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Armed Police Force

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Armed Police Force, Nepal
Emblem of the Armed Police Force
Emblem of the Armed Police Force
AbbreviationAPF, Nepal
MottoPEACE SECURITY COMMITMENT
Agency overview
Formed2001
Jurisdictional structure
Federal agencyNepal
Operations jurisdictionNepal
Governing bodyMinistry of Home Affairs
Constituting instrument
  • Armed Police Force Act, 2001
General nature
Specialist jurisdictions
  • National border patrol, security, and integrity.
Operational structure
HeadquartersKathmandu, Nepal
Agency executive
Child agency
Website
www.apf.gov.np
The armed police force of Nepal doing morning training at Halchowk, Swoyambhu, Nepal.
An Armed Police Force of Nepal personnel in Kathmandu

The Armed Police Force, Nepal is a land force tasked with counter-insurgency operations in Nepal. It functions as a semi-military wing, and occupies a sort of dual role as both military and law enforcement. Service is voluntary and the minimum age for enlistment is 18 years. Initially founded with a roster of 15,000 police and military personnel, the Armed Police Force was projected to have a corps of 77,117 at the close of 2015.

In February 1996, the ideologically Maoist Communist Party of Nepal operating as the United People's Front of Nepal initiated what was then dubbed the "People's War". Ensuing armed resistance and criminal activity escalating from the conflict motivated King Gyanendra to consider amassing an independent police force. Subsequently, the Armed Police Force was founded on 24 October 2001. Krishna Mohan Shrestha of the Nepal Police (then serving as Additional Inspector General of Police) was its first chief.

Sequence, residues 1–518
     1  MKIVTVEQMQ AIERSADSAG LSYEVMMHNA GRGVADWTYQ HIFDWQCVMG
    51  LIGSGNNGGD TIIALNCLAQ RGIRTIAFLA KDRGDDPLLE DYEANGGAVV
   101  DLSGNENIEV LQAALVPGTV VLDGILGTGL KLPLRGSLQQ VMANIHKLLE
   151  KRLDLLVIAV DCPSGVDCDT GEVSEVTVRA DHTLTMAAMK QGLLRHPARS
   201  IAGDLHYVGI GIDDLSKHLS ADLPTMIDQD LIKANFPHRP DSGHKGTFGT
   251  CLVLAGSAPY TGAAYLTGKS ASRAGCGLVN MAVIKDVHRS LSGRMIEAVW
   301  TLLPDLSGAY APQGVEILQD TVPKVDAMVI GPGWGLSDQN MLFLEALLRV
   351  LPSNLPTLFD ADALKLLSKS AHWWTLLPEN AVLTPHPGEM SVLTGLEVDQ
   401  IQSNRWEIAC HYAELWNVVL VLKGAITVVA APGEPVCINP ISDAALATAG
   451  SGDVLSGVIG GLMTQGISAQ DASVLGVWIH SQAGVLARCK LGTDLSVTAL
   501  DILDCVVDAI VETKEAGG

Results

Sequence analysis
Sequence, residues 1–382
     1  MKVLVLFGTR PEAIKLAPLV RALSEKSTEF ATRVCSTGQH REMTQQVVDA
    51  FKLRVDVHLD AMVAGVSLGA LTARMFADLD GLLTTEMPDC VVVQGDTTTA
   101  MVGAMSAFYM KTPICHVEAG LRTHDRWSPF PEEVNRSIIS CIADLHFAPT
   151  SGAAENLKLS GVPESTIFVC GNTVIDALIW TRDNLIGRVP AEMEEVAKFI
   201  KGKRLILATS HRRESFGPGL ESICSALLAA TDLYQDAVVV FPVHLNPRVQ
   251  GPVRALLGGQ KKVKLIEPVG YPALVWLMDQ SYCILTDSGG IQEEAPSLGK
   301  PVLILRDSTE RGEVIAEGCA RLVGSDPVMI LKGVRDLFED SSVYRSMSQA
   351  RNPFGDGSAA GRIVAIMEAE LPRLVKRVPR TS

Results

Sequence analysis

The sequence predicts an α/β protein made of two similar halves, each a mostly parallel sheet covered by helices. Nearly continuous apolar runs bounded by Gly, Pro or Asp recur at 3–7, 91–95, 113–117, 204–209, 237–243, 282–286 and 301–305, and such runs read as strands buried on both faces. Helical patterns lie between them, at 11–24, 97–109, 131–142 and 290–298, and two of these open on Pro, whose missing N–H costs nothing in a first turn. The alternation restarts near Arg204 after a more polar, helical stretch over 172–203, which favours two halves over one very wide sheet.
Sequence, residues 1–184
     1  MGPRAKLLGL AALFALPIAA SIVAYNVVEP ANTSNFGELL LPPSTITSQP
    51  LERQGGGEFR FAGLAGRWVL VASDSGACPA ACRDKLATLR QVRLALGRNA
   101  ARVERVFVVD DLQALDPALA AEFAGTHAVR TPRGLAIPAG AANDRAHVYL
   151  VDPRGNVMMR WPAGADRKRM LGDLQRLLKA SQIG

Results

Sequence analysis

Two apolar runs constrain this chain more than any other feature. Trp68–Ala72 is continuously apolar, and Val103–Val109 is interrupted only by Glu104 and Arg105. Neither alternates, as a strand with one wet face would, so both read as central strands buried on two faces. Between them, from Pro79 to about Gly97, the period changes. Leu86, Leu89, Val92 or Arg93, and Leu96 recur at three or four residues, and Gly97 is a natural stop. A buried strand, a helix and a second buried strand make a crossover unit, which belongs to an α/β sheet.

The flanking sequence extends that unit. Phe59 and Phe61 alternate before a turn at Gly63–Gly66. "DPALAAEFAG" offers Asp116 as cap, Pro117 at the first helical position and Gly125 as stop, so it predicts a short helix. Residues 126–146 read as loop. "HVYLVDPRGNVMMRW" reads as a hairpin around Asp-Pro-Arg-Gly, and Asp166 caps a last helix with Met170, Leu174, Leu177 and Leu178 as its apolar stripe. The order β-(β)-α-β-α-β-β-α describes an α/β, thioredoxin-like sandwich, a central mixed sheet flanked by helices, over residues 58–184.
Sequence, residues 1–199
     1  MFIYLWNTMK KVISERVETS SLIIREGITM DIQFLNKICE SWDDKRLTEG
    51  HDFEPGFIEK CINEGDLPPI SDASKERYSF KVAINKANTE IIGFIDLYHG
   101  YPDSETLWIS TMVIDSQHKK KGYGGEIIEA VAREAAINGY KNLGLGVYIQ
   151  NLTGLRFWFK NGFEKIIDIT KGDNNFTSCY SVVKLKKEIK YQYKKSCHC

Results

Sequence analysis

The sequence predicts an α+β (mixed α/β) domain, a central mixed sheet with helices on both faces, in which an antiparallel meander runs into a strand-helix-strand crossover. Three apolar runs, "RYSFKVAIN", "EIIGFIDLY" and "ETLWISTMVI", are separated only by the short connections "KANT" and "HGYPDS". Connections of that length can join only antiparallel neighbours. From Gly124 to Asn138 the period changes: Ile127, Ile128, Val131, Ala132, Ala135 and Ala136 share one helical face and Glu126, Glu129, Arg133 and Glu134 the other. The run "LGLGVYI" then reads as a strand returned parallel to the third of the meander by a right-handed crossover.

The current command and control organization of Nepal's army is outlined along the protocol of the 1990 Constitution and its interim constitution. Its standing Inspector General is the Chief of Armed Police Forces, equivalent in rank to a three-star Lieutenant General of the Nepal Army.

The fundamental ethos of the Armed Police Force (APF) is Peace, Security, Commitment.[citation needed]

History

The Armed Police Force, Nepal was founded in 2001 to help Nepal's army and civil police force counter a growing Maoist insurgency in Nepal. It was fundamentally a paramilitary organization and mostly engaged in counterinsurgency operations. In August 2003, five constables of the Armed Police Force were killed in a military operation in the Ramechapp District of Nepal which killed 39 Maoist rebels.[1] In January 2003, the head of the Armed Police Force Inspector General Krishna Mohan Shrestha was shot and killed by Maoist insurgents while taking his morning walk alongside his bodyguard and wife, who were also killed.[2]

Weaponry

Current department and commander

S.N. Department Commander
1 Border Security Department AIG Narayan Dutta Paudel
2 Operation Department AIG Banshi Raj Dahal
3 Human Resource Department AIG Chandra Prakash Gautam

Operations

In November 2001, the Nepalese armed forces began military operations against the Communist Party of Nepal (Maoist). And Armed Police Force was involved in this operations with the birth of its organization along with Nepal Army.